Every year (almost!) since 1997, we have sent an annual update to friends and family. They are collected here. This is the first update since we parents moved apart.
Early in this year of sadness, before the worst happened, Tom called from Paris. He doesn’t call a lot, and this time he sounded out of breath, as if he’d been running. He’d been in Paris for over two years, playing his guitar and studying music. Our home in Santa Cruz was quieter after he left, which was a relief for about a month and then a long-lasting reminder.
Before leaving, he had a regrettable habit of working on the same few songs for long periods at a stretch, playing some of them in his room ten times a day, changing the timing or the phrasing a little, and I have to admit driving all of us a bit crazy. One of the songs that he played hundreds of times is called “A Time for Heroes.” It is the work of one of those extraordinary English musical talents that seem to appear like clockwork, decade in, decade out, this one named Pete Doherty. His band the Libertines recorded the song, but if you’ve heard of him it’s more likely because he dated Kate Moss and shared some of her problems with drugs. He’s a lot more than that. “A Time for Heroes” includes these wonderful lines: “There is no more distressing sight than that of an Englishman in a baseball cap, and we’ll all die in the class we were born. . .”. If he was going to be Tom’s English hero, I was fine with that.
Over the phone in February, Tom was telling me about his night before in an Irish pub on the Left Bank, “The Galway.” He had gone, as he does regularly, to play at an open mike. But he wasn’t feeling it this particular evening. The other players were playing like crap, he said, and the other singers were singing badly. It wasn’t working and he didn’t want to be a part of it. He got up to leave. Much to the surprise of his friend sitting opposite, he sat right back down again with a bump. To his friend’s questioning glance, he replied, “I think Pete Doherty just walked in.” The friend looked around in disbelief, and then announced wide-eyed that the very same was at a table behind them drinking a coke. It took Tom a while, but he figured out that he had to play, even if he wasn’t feeling it, and he stood up at the open mike and sang one of his own songs. He said that he could barely breathe when he was up there, that he felt a pain in his chest. Telling me this over the phone the next day, he was again barely able to breathe.
“So what happened?” I asked. “At the end of the song,” he replied, “he caught my eye, and acknowledged me.” I could hear the pride in his voice. “So did you speak to him?” I continued. “No, people were asking for his autograph, and so he got pissed off and left.” “But before he left he acknowledged you, your song?” “Yep.” He was breathing okay now. “He raised his glass to me!”
Yep. Imagine that. Did you ever meet your John Lennon? I saw mine with three friends of his (now on iTunes) in concert, but never got any closer to him than that. Before turning 21, Tom has had his time for heroes. It inspired him. He has worked like a dog this whole year, fitting in rehearsals and his own recording around a schedule of courses and paying work that is already demanding and then some. He’s writing and performing some beautiful songs, some his own. This was Tom’s year.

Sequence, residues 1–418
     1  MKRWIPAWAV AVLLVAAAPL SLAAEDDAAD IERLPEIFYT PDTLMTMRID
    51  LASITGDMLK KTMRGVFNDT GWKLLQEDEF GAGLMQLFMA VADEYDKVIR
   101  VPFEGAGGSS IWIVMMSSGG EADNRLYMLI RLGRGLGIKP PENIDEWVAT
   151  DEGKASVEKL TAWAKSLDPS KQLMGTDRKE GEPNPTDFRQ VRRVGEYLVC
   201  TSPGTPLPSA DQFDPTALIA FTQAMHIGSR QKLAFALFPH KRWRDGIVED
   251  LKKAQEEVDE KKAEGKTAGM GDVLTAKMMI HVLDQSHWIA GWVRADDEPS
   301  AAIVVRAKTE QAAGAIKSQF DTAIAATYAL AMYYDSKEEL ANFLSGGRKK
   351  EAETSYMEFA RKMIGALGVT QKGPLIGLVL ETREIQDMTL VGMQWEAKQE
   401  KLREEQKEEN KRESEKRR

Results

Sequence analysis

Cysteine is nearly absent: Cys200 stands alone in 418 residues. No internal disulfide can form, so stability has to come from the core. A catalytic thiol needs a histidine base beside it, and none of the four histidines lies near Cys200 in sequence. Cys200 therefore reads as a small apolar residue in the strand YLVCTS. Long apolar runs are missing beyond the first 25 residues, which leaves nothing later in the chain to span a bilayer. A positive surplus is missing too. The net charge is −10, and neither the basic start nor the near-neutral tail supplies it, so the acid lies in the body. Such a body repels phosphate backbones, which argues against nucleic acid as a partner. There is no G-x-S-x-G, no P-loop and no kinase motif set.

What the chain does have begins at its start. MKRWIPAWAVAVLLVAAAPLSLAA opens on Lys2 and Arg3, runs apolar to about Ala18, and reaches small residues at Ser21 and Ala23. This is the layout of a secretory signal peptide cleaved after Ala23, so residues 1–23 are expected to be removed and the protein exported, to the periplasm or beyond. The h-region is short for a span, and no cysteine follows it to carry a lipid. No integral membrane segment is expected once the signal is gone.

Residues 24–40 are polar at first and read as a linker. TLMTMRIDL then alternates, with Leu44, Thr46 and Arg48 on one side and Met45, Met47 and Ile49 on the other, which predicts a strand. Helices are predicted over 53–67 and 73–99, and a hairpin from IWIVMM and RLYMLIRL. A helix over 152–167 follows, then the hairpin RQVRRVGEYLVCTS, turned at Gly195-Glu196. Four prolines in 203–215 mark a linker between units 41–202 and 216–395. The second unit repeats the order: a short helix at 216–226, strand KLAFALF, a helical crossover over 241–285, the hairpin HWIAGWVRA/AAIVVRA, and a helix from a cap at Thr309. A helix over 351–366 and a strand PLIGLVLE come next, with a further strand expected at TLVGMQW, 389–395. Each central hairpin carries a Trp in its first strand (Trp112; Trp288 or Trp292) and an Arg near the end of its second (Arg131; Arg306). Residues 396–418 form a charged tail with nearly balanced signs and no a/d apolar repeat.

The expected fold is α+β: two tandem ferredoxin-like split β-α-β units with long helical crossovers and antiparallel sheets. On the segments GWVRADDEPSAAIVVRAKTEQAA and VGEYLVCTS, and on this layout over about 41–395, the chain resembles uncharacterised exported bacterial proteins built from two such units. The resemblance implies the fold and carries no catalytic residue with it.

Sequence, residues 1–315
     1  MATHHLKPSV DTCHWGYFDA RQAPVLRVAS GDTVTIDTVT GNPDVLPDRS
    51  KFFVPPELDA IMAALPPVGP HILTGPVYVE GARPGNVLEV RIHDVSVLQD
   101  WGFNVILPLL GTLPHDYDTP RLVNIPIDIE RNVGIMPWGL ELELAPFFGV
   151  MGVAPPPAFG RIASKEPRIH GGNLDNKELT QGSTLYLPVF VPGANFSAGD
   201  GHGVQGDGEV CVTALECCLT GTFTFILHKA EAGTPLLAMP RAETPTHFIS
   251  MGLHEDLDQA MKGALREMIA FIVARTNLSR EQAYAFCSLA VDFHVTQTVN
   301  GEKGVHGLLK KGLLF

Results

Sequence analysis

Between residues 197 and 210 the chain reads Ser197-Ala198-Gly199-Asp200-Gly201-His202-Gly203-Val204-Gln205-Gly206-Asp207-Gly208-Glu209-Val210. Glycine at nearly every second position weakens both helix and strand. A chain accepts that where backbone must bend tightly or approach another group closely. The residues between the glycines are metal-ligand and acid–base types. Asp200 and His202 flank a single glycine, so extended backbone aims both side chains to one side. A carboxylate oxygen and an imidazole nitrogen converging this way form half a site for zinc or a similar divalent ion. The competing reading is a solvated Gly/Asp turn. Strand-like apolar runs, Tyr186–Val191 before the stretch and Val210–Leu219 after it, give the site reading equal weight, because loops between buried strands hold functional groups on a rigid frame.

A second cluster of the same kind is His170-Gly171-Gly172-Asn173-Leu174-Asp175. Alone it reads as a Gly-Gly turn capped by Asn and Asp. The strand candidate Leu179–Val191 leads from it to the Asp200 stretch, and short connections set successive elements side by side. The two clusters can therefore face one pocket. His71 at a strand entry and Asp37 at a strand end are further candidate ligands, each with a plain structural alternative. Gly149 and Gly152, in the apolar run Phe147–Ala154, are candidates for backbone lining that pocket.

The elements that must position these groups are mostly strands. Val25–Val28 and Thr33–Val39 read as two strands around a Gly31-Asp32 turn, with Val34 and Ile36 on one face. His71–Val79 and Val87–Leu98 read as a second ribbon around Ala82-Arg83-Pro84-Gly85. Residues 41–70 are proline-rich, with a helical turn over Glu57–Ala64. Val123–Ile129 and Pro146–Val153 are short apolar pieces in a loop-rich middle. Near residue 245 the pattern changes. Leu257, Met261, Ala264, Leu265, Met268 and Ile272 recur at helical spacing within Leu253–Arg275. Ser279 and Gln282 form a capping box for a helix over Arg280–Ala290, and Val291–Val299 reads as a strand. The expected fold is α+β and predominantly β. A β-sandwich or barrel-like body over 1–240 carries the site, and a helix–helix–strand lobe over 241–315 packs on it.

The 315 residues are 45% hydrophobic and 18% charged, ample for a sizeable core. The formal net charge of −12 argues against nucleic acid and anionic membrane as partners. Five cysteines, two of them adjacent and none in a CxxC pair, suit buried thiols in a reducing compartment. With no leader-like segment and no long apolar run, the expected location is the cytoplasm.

Not ours, I’m afraid. Marie-Hélène and I separated, and the divorce is pending. Most of the time each of us feels relieved, I think. We had been locked into the nastiest patterns together, and for the most part avoid them now. There’s more to say of course, about the length of a novel, but not here. She’s still in the family home for now, and I’m in a nearby condo. I don’t know about her, but I’m not dating. That wasn’t it.
I heard the music from West Side Story playing the other day, and remembered how for years before we got together, literally, whenever I heard “Somewhere” I thought only of her. “There’s a place for us, somewhere, a place for us, peace and quiet and open air wait for us somewhere.” Beautiful song. Somehow, and without attaching any blame, I’m not sure that we ever quite found that place.
But neither has the separation been the kind of hell that both of us have lived through before. Our mediator regularly makes comments on our joint humor and in our most recent session (ndlr: that was the last session before the end of 2010: Things have deteriorated since. Blame her!) told us that we were both charming.
I was picking Alex up the other day for one of his days with me, and Marie-Hélène waved good-bye with a “have fun!” Turning to me, she added with a smile, “not you: I mean Alex!” This kind of hostility we can all put up with!
Alex (12) and Charlie (15) don’t really appreciate the turn of events, but have already adjusted in many ways. Alex’s straight “A”s continue like clockwork, and he is the only child who actually seems to enjoy his schoolwork the way his maman and I remember doing. He’s a scream when he gets going. For some reason, my taking baths troubles him: “so dad, you like to sit in your own juices for all that time?!” “Call of Duty: Modern Warfare” takes up much of his leisure time when he’s not with buddies as well, of course, as when he’s with his buddies. That’s pretty much all they do together these colder winter months. Last night, he was very proud of obtaining six “nukes” that day, six! When I asked him what that meant, he first gave the technical details (principally in terms of number of kills). Then in response to further probing he added, in a rare moment of self praise, I’m a “master.” Yeah Alex!